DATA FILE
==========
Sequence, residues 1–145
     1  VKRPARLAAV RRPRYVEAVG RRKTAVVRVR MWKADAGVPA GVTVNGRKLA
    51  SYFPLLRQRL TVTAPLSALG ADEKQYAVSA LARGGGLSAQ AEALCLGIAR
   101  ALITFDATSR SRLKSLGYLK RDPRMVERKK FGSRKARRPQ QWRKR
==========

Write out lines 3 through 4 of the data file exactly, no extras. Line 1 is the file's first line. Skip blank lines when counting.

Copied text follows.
    51  SYFPLLRQRL TVTAPLSALG ADEKQYAVSA LARGGGLSAQ AEALCLGIAR
   101  ALITFDATSR SRLKSLGYLK RDPRMVERKK FGSRKARRPQ QWRKR